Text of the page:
Computer scientists shatter ‘terabyte barrier’, set new world recordAugust 1st, 2010 - 4:55 pm ICT by ANI
Washington, Aug 1 (ANI): Computer scientists at the University of California, San Diego, shattered “the terabyte barrier” - and a world record - when they sorted over one terabyte of data (1,000 gigabytes or 1 million megabytes) in merely 60 seconds.
During this 2010 “Sort Benchmark” competition - the “World Cup of data sorting” - the computer scientists from the UC San Diego Jacobs School of Engineering also tied a world record for fastest data sorting rate. They sorted one trillion data records in 172 minutes - and did so using just a quarter of the computing resources of the other record holder.
Companies looking for trends, efficiencies and other competitive advantages have turned to the kind of heavy duty data sorting that requires the hardware muscle typical of data centres. The Internet has also created many scenarios where data sorting is critical. Advertisements on Facebook pages, custom recommendations on Amazon, and up-to-the-second search results on Google all result from sorting data sets as large as multiple petabytes. A petabyte is 1,000 terabytes.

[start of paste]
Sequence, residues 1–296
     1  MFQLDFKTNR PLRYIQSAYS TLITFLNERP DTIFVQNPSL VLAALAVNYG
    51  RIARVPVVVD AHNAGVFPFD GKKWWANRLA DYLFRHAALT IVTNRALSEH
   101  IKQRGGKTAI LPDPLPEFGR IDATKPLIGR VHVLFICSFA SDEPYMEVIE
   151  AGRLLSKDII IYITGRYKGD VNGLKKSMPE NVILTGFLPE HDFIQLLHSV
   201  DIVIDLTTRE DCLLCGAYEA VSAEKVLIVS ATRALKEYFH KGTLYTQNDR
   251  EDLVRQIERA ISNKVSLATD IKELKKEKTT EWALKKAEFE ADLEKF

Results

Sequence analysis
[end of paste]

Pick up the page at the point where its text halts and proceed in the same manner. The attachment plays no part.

UC San Diego computer science professor Amin Vahdat, who led the project, said: “If a major corporation wants to run a query across all of their page views or products sold, that can require a sort across a multi-petabyte dataset and one that is growing by many gigabytes every day.”
He added: “Companies are pushing the limit on how much data they can sort, and how fast. This is data analytics in real time.”
Better sort technologies are needed, however. In data centres, sorting is often the most pressing bottleneck in many higher-level activities, noted Vahdat who directs the Center for Networked Systems (CNS) at UC San Diego.
The two new world records from UC San Diego are among the 2010 results released recently on http://sortbenchmark.org - a site run by the volunteer computer scientists from industry and academia who manage the competitions. The competitions provide benchmarks for data sorting and an interactive forum for researchers working to improve data sorting techniques. (ANI)
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